Newspaper Archive of
Cheney Free Press
Cheney , Washington
April 2, 2015     Cheney Free Press
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April 2, 2015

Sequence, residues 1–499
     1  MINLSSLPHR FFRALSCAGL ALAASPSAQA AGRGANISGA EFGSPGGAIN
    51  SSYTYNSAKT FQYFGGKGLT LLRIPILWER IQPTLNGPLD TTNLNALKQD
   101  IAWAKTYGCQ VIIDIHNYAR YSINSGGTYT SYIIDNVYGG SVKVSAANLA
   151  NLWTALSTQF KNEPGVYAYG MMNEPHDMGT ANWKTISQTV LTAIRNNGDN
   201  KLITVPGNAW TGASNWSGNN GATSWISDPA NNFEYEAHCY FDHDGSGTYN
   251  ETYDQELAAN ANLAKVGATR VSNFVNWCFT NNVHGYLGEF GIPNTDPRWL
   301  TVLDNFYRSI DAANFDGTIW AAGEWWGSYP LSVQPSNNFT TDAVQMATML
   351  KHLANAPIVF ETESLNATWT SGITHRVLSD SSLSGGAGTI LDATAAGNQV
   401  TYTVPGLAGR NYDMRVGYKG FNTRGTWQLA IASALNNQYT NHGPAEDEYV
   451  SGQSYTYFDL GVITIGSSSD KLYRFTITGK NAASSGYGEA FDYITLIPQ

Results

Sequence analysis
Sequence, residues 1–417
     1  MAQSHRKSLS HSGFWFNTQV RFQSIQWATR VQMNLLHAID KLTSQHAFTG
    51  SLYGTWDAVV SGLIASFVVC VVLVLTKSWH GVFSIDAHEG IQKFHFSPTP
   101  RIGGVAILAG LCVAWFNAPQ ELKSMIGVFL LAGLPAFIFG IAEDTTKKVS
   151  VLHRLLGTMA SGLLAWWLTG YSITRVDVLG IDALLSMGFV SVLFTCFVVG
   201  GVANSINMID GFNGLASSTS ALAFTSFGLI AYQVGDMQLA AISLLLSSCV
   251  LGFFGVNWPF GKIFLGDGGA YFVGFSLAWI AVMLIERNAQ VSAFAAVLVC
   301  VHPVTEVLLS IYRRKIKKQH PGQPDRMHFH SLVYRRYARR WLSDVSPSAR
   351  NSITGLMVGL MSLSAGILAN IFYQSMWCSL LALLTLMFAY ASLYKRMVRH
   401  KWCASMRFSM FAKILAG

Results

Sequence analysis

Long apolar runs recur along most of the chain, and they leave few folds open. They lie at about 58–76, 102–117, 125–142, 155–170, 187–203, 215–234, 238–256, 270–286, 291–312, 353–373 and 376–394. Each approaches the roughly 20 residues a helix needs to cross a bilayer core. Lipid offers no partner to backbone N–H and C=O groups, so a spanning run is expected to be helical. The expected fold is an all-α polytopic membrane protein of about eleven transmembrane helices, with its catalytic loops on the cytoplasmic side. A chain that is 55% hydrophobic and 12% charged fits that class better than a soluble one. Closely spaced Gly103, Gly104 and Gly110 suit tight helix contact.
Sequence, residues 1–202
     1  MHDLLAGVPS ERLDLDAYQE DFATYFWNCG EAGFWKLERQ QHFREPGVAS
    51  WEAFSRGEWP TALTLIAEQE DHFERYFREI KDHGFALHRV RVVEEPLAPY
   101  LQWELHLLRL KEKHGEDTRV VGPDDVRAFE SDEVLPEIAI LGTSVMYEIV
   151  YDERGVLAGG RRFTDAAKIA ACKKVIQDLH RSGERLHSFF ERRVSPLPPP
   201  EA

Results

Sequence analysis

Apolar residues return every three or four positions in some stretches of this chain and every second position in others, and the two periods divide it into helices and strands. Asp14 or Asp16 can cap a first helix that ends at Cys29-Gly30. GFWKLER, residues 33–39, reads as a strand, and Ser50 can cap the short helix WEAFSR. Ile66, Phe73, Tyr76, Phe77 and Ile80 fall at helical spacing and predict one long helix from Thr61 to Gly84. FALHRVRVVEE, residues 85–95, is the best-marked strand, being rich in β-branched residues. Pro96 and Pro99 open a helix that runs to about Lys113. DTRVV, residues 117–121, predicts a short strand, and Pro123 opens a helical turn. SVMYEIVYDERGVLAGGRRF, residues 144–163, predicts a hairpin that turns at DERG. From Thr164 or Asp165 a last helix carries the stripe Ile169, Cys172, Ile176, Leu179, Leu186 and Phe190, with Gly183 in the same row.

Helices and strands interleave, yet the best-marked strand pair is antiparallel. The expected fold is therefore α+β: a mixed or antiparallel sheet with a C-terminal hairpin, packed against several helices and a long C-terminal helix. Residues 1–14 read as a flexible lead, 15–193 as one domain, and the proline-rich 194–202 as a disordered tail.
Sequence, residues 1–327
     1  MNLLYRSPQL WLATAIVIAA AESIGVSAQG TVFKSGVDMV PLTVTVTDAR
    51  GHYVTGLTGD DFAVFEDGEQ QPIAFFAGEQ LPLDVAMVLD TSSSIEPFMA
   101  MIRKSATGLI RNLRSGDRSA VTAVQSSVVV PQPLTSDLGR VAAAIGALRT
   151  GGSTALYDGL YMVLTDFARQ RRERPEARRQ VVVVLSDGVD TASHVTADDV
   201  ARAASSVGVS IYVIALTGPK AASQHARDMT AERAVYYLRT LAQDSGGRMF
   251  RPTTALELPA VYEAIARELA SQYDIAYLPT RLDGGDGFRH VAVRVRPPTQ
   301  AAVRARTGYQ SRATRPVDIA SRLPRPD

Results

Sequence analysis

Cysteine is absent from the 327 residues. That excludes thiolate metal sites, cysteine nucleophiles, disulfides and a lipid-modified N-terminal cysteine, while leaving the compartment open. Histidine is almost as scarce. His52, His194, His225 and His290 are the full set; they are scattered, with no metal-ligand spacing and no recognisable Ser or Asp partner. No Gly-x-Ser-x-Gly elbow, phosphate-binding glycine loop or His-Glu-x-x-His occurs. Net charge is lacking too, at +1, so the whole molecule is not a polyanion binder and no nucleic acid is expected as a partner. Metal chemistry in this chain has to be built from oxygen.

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~ , . i~ , Page 2 Free Press., April 2, 2015 Building C By JOHN McCALLUM Editor When it comes to selling the Cheney School Dis- trict's surplused administration building, the district's school board members likely hope there's truth to the saying "Third time's a charm." For the third time in a year and two-thirds the district has a purchase offer for the Fisher Building, which began life in 1929 as Cheney High School. The board agreed to a proposed agreement at its March 25 meeting with local developers Rob Brewster and Ron Wells to sell the building for $949,500, which is 90 percent of the b ilding/s assessed value. Brewster and Wells have formed a limited liability company (LLC) to purchase the Fisher Building un- der the name Collegetown Development. Wells has extensive historical rehabilitation work throtlgh his company Wells and Company, which according to its website, has completed 46 projects in the Northwest valued at more than $69.5 million since 1980. Brewster has also done historical preservation nt work, teaming recently with Collegetown Develop- ment LLC's financial backer Holland America Lines on a project in Seattle's Pioneer Square. Brewster also partnered with Eastern Washington University to build Brewster Hall a university residence hall on Second Street in downtown Cheney. Both Brewster and Wells said their assessment of the best possible use for a rehabilitated Fisher Build- ing would be for student housing, complimenting its location across Fifth Street from Eastern's Showalter Hall and near other student housing facilities. The developers will undertake a 90-day feasibility study period to determine their best options should they decide to finalize the purchase. "We want to make sure what we purchased is what we thought it was," Brewster said. Brewster said an initial walk through indicated the building was in pretty good shape. If the pur- chase goes through, one of the first things on their "to-do list" would be to get the building listed on the national historic registry to not only help preserve ntinue Medical the building's historic nature but also qualify Col- legetown Development for historical preservation federal tax credits needed to keep the project finan- cially feasible. School board Director Rick Mount questioned Brewster about his previous involvement with con- . struction in Cheney, namely Brewster Hall and the undeveloped lot north of the residence hall he labeled an "eyesore." Brewster said the lot was never part of the original project, but could have been the site of a 117-unit second phase. When the project's proponent at Eastern, former president Dr. Stephen Jordan, left in 2005, the project was put on hold. Brewster has since sold the property, and Cheney City Administrator Mark Schuller told the school board that they had contacted the current owners to ask them to either clean up the property or be prepared for the city to do so and send them a bill for the work. John McCallum can be reached at jmac@cheneyfreepress. com. tradition ( l By AL STOVER ond session, from January to March, has Staff Reporter seventh and eighth graders. After most Medical Lake Middle Ryan said groups are comprised of School students have left school for new players and those with experience. the day, several of their classmates sit "I take all students of aU experience and quietly in a classroom, hovering over I will work more with the ones with lesser a chessboard and waiting for their experience," Ryan said. "I have a couple opponent's move. players who have been a part of the dub The Medical Lake Middle School for several years. This year's sixth-grade Chess Club had its final meeting, March group had some beginners as well as some 30, with a mini-tournament where stu- serious players in the eighth-grade." dents showed off'the skills they learned Jicharri O'Neall is one of the seventh- in the last couple of months, graders in the club. O'Neall, who has Paul Ryan, a parent volunteer andplayed chess before, joined because of the club's adviser started a chess club his friends Victor and Vincent Long. at the elementary school where his son "It's fun, it's a way to hang out with Jeremy was a student. He later brought everyone after school " O'Neall said the club to the middle school where it's after he won his second match in the stayed ever since. Ryan has been play- tournament in just two moves. ing since he was a child. Chloe Haynes, an eighth-grader "My father swears he taught me who did not have much experience when I was 4 or 5," Ryan said. "By playing chess when she first joined the the time I was 12, he couldn't beat me. Club, has enjoyed learning the game in I was inspired to create a chess club these last couple of months. in school because I thought it was a "I liked learning the different move- shame the school didn't have a chess ment of the pieces and coming up with club." different s ategies," Haynes said. Like his father did for him, RyanOne thing Ryan has noticed over the taught his four children to play chess, years with teaching chess to his children He coaches two sessions each year for- and students is the correlation between eight weeks at a time. The first session, the game and mathematics. which goes from December to January, "If you play chess at an early age, is comprised of sixth graders. The sec- it can improve your math skills," Ryan Photo by A1 Stover Chloe Haynes (right) makes her move during her chess match with Victor Long. said. "It's also a good social skill and you'll have two players at a regular helps with academics, half of the club chess board and there will be a corre- has a music background. It's a correla- sponding life-size board," Ryan said. tion of all those skills." "At the corresponding chess board, Ryan said he plans to bring the club people will be dressed up as ches back next year. He also organizes a chess pieces who.will mimic the moves of the tournament in May where students and players. It's a lot of fun." communitymemberscanplay. AI Stover can be reached at "It the finals of the tournament al@chene Pacific Northwest FIRST Robotics Competition Championships returns to EWU By PAUL DELANEY year's challenge, Recycle Rush, ing the big ball around and the cial word mcLrphed to combine these competitors advance be- Staff Reporter is proving to be very unique." robots were really doing a lot competition and cooperation yond robotics and into the next Thejump shots, jams, spikesThis year the robots are of battling it out, there's none with the other teams, phase of their lives, either into and digs are done for the sea- different than in 2014 in that of that (in) this year's game," "If the two sides can stack the workforce or continuing son at Reese Court. they are taller in order to bet- Garraway said. up totes in the middle, each their education - whether it's But the competition heats ter accomplish to goal of theThe robots will move rect- team gets bonus points for that a four year university or a com- up in a different way this competition, McCallum ex- angular boxes as their main which will help them in the munity college) they know how weekend at Eastern Washing-plained. FIRST Robotics is a goal, piling them one on top long term," Garraway get along with each other," ton University's basketballsport of science, technology of the other, six high. But in "I would say that visually, McCallum said. "They're life and volleyball arena with and teamwork and seeks to keeping with the environmen- this is a competition this year skills," no matter where they the Pacific Northwest FIRSTmake the disciplines of Science, tally friendly recycling theme, I think is very entertaining come from. Robotics Competition Cham- Technology, Engineering androbots will also be required to for the audience to observe," Garraway admitted he's a pionships. Mathematics, or STEM, "cool" pick up litter, in this case the McCallum said. "Because you mathematician first and not More than 1,200 high schoolfor students, so-called "noodles," the long can see how the robots areinclined towards building the students across Oregon and "We are exciting young peo-foam devices used in swim-performing." machines thatwillcompete Over Washington will compete in ple one person at a time," McCal- ming pools for floatation.Previously, robots would the weekend, "I have no idea teams for titles and the ability lum said. "And we doit through Competition will featurejust throw or toss things. That what the students are doing, but to move on to national competi- the shiny object, the robot." three robots on each side com- took away from how the ma-it's everything that goes with tion later this month in St. Louis, The focus this year is to make peting against one another, but chines were designed. "This it that makes me so enthralled Mo. - and vie for their share of the robots more functional, do- doing so in their own side of year you can really see the cre- with the whole thing." $25 million in scholarships, ing things more likely to take the court, building tote towers ativity," McCallum said. The event is free to the pub- "Every team, the innova- place in the workplace, EWUand cleaning up the noodles. Practice starts Thursday (to- lic and will be the first Pacific tion, the creativity, the unique- associate professor ofmathemat- But as well as competingday) with competition starting Northwest championship held ness is fascinating," Erin Mc- ics, Dale Garraway explained, against one another, there's a early that afternoon and going in the Greater Spokane region. Callum, president of Washing- "If you remember last year's bonus for teamwork. A termthrough Saturday. Paul Delaney can be reached at ton FIRST Robotics, said. "This game where they were throw-called "coopertition," is a spe- "The end result is when Specialty Asphalt'honors Cheney High School Senior, Keith Emert Academic Student of the Week r i Congratulations #ii! Medical Lake High School Semor, Anmka Gahan Academic Student of the Week II FAX 509-235-6232509"235"2222 II at Medical Lake II _~ 16715 S. Cheney/Spokane Road II '~ m~m ~'~ ~'~ City Hall Chambers II Cheney, WA 99004 II '~ SPECIACO33LQ Email: